There is a consensus among men to chase money and success over women and love. The reason being is that (gold digging) women usually come with the territory. Successful men typically have more options when it comes to women. Of course, this isn’t always true but I’d like to think so. No woman wants a broke man. Love and broke don’t mix. No man wants to feel inadequate either and no amount of love can fix career complacency. With that being said, let’s dig into a few thoughts.
Would you rather love your career and be single? Or would you rather hate your job to be in love with someone? Neither is secure in my opinion. I think I would have more peace of mind if I love what I do every day. That would allow me to free my heart and my mind to then open up to love someone else. I would much rather worry about being alone than deal with the frustrations of hating my job regularly on a day to day basis. When I’m happy with work, I’m generally happier overall. There’s a certain satisfaction that comes with accomplishing a task that you’re interested in. When searching for love, it helps to have a happy demeanor and not be disgruntled because of work.
The right career can potentially last longer than a mutual love between two people. Careers usually develop over time, based on experience and skill set. Great careers rely on repetition. There’s a theory that says, it takes 10,000 hours to master a complex skill; I say it all depends on the person. When you become a master or expert at something, you can turn your skills into profit — services that people will pay for. You can be one step closer to becoming the entrepreneur you dream of. Therefore, investing time and energy into a career that you love (over love) seems like the favorable thing to do. Many of us are forced to make a decision as to what is more valuable long-term. Which would be more enjoyable? Which has a longer shelf life?
We’ve all heard the saying, “It’s lonely at the top.” I believe this to be true. Success comes at a price. Success has its share of challenges. You must master your emotions in order to have a successful career. While climbing the corporate ladder, you’re not allowed to wear your heart on your sleeve. That’s why many CEOs are labeled as jerks. Think of it this way, be successful, yet feel alone, or, be loved, yet feel unsuccessful. Which one will eat at your soul more? Either way it’s a tragedy. Rarely, and I do mean rarely, are people able to achieve both simultaneously.
You have more control over your career than over someone else. Your career will never turn its back on you, divorce or dissociate itself from you 5 years down the line unless you decide it’s what you want to do. Marry your career first. Women usually do things the other way around. They are more interested in solidifying family partnerships. Most women prioritize getting married and having kids before fully establishing a career. Security is also important.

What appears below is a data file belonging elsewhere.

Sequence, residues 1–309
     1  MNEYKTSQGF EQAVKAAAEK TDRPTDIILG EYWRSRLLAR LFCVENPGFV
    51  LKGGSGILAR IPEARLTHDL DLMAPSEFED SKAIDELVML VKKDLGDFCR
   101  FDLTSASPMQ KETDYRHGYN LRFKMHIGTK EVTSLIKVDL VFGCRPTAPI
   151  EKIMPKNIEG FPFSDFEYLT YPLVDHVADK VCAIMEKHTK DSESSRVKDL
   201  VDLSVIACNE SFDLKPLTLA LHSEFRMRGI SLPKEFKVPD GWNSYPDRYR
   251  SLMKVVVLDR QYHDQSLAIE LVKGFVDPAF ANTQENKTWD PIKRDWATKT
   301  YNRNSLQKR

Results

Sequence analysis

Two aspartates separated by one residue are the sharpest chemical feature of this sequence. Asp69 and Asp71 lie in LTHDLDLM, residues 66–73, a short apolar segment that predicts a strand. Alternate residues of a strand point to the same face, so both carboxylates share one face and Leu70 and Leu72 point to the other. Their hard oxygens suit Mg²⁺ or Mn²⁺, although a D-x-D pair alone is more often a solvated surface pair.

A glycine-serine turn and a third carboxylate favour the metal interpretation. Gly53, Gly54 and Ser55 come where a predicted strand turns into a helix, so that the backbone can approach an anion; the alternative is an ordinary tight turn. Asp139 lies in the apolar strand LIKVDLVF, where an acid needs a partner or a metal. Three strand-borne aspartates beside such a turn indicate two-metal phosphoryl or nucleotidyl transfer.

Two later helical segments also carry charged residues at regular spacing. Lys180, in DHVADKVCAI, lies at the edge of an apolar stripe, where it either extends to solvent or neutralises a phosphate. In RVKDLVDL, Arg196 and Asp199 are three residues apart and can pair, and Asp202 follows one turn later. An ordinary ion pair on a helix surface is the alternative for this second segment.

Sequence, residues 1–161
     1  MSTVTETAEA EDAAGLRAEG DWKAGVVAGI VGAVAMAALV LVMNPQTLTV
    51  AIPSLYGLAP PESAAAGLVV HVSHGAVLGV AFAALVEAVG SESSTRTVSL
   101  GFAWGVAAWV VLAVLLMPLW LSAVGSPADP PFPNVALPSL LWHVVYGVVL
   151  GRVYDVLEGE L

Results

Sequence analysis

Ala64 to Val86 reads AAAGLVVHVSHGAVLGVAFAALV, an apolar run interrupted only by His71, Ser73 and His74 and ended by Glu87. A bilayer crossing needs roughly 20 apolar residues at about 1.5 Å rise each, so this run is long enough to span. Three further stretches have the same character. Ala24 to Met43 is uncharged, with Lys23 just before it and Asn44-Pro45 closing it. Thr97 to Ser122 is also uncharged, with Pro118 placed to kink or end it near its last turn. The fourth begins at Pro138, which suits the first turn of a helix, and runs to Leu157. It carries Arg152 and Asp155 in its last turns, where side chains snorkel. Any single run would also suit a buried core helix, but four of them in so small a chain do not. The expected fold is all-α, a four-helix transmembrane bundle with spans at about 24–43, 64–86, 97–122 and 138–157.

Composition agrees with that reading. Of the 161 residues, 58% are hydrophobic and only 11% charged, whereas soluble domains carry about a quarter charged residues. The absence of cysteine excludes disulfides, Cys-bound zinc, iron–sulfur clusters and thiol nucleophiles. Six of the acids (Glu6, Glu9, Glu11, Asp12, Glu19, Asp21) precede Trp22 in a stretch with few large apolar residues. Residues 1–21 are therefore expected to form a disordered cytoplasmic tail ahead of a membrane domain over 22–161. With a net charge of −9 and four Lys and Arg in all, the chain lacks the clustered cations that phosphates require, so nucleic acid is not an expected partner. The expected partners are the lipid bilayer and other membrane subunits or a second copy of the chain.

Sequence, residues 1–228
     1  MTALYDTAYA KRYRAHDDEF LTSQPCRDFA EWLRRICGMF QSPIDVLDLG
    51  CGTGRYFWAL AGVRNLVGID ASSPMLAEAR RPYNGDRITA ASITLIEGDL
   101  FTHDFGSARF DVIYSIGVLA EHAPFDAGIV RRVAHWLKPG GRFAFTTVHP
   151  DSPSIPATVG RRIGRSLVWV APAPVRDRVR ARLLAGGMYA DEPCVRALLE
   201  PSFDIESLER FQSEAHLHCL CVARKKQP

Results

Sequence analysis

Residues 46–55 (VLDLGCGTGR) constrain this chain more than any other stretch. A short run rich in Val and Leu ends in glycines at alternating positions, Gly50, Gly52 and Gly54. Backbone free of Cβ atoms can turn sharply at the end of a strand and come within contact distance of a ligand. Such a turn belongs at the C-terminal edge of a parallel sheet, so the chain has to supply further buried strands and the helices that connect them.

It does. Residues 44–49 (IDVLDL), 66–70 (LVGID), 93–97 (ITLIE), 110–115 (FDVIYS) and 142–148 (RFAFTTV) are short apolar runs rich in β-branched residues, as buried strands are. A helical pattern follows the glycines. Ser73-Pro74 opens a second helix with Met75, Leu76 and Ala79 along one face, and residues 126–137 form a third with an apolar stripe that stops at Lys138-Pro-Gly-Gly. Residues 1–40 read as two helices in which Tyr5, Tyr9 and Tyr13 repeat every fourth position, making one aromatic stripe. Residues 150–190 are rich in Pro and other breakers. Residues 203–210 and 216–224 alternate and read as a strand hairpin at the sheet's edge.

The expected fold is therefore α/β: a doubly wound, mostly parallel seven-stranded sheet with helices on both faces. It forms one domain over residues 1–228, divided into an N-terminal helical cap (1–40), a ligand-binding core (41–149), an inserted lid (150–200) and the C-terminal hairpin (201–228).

About 40 to 50 percent of first-time marriages in the United States end in divorce. I’ve read somewhere that that number has lowered in recent years. The divorce rate for subsequent marriages is even higher — somewhere between 60 to 70 percent. Financial woes are one of the main reasons why couples split. And that’s why having a good career is so relevant. Investing time and energy into your career can be more beneficial (and less risky) than betting on love. Love will happen naturally. Your career is something you have to work towards. Would you devote over 10 years of your life to become a medical doctor if there was a 40 to 50 percent chance you couldn’t be a medical doctor afterward? Most would reconsider.
I am under the assumption that love betrayal is the worst betrayal. I am one who has found love and lost love numerous times. I’ve watched love dissipate in the blink of an eye — left only to start from scratch all over again. Through it all, my career has personally remained intact and I enjoy what I do. I’m thankful for it. Ironically, each time I was in love, my career (and several things I enjoy doing) took a backseat. It wasn’t until later on (after separation) was I able to pick up the pieces, refocus my life and continue to advance my career forward in a positive way. Based on my personal experiences, I have learned that love comes and goes while careers stick.
I believe it is wise for any man to choose a career over love if given the option. This is not to say that the latter can’t work; it can with much effort. However, it is difficult and complex because love is blind and has no sense of time. Love is disoriented. People tend to lose themselves while in love. For some, things that once mattered become meaningless. In choosing love first, be conscious of the consuming effects it has, both positive and negative. I believe both men and women ultimately want the same thing — a successful career and love, with a list of other things. Who wouldn’t want that? However, sometimes we are forced to make a critical decision between one and the other. Does it really matter which one comes first? I think it does. What is your take?